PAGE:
Flights resume at Kenya airport after blaze

Planes from UK and Thailand land at East Africa's largest airport a day after devastating fire, officials say.

    International flights have resumed at East Africa's largest airport in Nairobi, the Kenyan capital, a day after a devastating fire at the facility.

    Kenyan officials said on Thursday that one flight had arrived from London at 6:30am at Jomo Kenyatta International Airport (JKIA) while two more flights arrived from Thailand and neighbouring Uganda.

    Al Jazeera's Catherine Soi, reporting from Nairobi, said she had spoken to airport officials who confirmed international operations had resumed.

    "The two flights have landed. And officials say that other international flights will be departing soon. The first one will be Kenya Airways to Johannesburg [South Africa]," she said.

    A statement released by Kenya Airways CEO Titus Naikuni indicated that nine flights will take off on Thursday, according to Kenya's Standard newspaper.

    Customs and baggage are being processed through what is normally the domestic terminal because international arrivals were gutted in the four-hour blaze.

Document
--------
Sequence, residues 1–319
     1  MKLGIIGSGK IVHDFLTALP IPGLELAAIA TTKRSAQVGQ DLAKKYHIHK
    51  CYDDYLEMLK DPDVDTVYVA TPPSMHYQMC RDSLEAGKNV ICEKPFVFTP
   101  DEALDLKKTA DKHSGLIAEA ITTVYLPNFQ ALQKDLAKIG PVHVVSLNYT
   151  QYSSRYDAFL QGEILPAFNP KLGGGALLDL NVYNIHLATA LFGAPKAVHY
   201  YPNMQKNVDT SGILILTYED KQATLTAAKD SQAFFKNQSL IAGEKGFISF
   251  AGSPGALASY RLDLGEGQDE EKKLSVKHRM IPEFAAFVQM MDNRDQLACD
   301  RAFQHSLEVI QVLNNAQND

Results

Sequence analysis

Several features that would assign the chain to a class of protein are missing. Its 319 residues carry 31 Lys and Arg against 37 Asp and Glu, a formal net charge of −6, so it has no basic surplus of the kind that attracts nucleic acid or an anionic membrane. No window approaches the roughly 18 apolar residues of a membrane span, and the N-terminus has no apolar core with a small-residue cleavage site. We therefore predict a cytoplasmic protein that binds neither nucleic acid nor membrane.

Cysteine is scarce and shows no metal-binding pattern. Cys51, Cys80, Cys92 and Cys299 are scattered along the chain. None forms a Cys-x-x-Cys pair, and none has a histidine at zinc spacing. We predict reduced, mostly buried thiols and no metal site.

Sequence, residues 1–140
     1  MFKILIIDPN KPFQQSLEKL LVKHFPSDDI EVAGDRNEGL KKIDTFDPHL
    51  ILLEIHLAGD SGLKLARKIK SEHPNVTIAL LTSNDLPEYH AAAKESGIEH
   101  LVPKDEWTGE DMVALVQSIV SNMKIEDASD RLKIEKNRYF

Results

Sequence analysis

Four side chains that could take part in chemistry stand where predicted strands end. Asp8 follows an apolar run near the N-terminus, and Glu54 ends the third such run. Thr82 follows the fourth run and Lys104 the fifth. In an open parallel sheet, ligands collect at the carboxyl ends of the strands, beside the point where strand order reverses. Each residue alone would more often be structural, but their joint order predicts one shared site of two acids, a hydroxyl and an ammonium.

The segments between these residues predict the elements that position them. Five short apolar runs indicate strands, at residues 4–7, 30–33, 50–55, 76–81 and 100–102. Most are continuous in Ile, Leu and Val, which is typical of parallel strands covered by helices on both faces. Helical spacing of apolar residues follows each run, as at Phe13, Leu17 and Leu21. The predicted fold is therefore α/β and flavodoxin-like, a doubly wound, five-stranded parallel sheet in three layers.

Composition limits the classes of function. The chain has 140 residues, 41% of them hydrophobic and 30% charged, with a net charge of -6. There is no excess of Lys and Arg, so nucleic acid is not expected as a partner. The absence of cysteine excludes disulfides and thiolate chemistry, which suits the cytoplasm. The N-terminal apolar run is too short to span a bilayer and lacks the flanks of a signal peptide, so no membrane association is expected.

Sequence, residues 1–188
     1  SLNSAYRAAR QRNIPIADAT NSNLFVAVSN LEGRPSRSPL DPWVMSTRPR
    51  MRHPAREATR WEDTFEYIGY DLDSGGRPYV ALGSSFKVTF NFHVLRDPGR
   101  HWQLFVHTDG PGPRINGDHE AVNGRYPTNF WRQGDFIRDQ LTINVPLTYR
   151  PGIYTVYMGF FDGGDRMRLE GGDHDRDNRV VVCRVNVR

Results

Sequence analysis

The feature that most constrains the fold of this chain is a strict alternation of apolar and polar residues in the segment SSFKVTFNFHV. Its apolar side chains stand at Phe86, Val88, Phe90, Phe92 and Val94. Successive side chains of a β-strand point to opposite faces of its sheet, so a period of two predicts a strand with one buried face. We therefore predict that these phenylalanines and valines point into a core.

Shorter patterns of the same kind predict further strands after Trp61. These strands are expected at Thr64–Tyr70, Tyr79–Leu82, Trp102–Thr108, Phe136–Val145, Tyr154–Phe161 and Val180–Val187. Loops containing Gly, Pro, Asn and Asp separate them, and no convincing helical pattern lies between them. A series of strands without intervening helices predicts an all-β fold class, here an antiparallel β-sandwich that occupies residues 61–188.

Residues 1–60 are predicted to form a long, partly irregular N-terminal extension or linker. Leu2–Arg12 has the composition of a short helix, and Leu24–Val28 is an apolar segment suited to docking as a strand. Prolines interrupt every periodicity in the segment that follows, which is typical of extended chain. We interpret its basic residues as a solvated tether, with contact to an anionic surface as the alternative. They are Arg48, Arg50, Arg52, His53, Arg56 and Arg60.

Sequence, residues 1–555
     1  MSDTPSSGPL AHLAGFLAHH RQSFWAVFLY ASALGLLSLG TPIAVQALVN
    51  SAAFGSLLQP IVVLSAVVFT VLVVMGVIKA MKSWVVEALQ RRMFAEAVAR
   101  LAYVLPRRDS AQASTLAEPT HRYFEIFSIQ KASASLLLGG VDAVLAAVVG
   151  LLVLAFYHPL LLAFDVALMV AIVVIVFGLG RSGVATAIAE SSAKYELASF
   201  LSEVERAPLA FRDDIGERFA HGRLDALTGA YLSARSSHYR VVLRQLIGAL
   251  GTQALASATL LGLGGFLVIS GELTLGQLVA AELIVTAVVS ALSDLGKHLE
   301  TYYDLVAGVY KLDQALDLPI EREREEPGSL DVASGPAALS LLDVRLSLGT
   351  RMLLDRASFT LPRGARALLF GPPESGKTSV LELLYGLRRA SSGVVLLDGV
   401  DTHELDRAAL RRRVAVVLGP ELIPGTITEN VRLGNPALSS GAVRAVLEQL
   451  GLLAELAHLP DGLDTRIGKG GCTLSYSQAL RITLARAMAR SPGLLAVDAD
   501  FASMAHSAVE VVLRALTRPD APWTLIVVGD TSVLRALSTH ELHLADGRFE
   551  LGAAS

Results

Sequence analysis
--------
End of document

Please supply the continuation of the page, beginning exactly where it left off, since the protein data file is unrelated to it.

Cargo and domestic flights out of Nairobi resumed early on Wednesday evening, officials said.

    The blaze, which started before Wednesday dawn, sent black smoke out of the main arrivals terminal. There were no casualties but Kenya Airways reported "one member of staff and a passenger had slight smoke inhalation and were safe in hospital for further investigation".

    By 9am local time (0600 GMT), firefighters had succeeded in stemming the raging flames, despite a lack of both water and equipment.

    "Everything is being done to resume normal operations," Manoah Esipisu, a presidential spokesman, said outside the charred arrivals hall of JKIA, where hours earlier flames had lit up the pre-dawn sky.

    Mombasa connections

    International passengers were given priority to fly to Kenya's second city Mombasa to connect to onward flights while Nairobi's domestic terminal was being prepared to handle flights from abroad.

    Up to 16,000 passengers usually transit through JKIA everyday, Esipisu said.

    JKIA is a regional hub for East Africa, with many long-distance international flights landing there to connect to countries across the region.

    Meanwhile, Kenyan investigators have sifted through the debris in search of vital clues for the cause of the inferno, the Standard reported.

    Several police units were deployed to unravel the puzzling cause of the fire that left thousands of passengers stranded and incoming flights diverted to airports in Mombasa and Eldoret, the newspaper said.

    "Investigations by security agencies have commenced and are ongoing. There is no reason to speculate over the causes of the fire," said Michael Kamau, the transport minister.

    SOURCE: Al Jazeera and agencies


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